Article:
Special Report: How America Protects Its Citizens and Allies from Ballistic Missiles

The U.S. military has four primary means of shooting down incoming missiles. But even together, they can’t promise to stop everything.

Whether it’s U.S. islands like Guam or Hawaii, coastal cities like San Diego or New York City, or allied territories across the ocean, the 21st century has heightened the threat of ballistic missiles to the United States and its allies. 

The U.S. military has four systems to shoot down ballistic missiles. It’s an expensive approach, to be sure; and in 17 years of tests, the four systems have hit their targets about four out of of every five tries. But military planners know that when the missiles actually fly, a single missed intercept could have unspeakably catastrophic consequences.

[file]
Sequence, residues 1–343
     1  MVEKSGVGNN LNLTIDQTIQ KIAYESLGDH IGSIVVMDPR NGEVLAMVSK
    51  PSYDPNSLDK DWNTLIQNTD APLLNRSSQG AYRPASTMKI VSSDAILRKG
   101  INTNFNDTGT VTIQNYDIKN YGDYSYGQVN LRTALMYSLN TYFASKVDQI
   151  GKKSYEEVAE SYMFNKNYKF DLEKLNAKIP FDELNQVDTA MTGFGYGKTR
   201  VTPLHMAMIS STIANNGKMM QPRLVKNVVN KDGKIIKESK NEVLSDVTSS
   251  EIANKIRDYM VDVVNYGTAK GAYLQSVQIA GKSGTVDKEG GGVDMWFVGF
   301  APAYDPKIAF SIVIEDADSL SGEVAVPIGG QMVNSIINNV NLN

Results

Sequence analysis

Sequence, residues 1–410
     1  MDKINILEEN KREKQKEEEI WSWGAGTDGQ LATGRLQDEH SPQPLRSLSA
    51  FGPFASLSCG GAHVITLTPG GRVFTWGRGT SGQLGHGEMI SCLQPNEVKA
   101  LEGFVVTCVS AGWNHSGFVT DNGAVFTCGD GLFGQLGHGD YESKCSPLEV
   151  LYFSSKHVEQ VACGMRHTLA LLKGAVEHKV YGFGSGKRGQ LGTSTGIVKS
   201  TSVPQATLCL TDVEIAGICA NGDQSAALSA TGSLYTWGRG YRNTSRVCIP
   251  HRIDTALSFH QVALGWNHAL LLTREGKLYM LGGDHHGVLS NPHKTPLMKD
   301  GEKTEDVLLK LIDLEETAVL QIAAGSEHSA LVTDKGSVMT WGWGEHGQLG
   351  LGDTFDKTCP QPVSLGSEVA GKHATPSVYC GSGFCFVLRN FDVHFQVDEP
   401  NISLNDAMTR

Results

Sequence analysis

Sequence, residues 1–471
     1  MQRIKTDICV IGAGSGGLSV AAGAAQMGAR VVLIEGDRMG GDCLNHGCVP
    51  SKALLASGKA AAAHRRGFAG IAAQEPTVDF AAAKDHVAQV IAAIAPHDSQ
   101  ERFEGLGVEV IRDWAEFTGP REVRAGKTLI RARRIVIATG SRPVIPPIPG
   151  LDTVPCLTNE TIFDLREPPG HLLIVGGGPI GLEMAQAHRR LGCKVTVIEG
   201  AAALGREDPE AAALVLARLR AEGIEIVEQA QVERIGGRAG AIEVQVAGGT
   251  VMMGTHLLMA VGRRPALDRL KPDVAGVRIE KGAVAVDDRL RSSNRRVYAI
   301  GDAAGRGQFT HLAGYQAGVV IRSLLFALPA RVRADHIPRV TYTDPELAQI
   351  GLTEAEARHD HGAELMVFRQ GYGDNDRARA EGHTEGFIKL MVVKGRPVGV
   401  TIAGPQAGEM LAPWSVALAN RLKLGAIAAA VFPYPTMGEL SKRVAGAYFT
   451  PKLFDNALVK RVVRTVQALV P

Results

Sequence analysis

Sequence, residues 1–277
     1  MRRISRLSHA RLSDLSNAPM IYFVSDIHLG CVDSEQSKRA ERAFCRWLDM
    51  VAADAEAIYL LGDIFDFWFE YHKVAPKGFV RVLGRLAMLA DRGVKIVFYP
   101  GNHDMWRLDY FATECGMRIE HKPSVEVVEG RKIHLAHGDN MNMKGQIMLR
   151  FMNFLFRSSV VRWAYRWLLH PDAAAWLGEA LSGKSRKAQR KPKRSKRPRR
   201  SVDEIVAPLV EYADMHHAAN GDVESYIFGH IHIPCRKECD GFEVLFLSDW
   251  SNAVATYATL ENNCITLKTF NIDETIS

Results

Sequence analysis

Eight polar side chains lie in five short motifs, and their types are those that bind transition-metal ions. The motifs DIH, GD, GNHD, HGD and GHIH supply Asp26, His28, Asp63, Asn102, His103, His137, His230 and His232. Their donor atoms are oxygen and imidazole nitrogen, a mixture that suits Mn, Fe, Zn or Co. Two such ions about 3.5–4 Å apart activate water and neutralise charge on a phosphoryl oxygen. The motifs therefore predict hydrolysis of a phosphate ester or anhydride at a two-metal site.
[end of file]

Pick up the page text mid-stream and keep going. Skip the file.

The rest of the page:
Dive into our new special report reviewing what America would do should an Intercontinental Ballistic Missile rip across the upper atmosphere at a speed of nearly six to seven kilometers per second — giving people down below about 20 minutes to launch something in the air in the hopes of an intercept.

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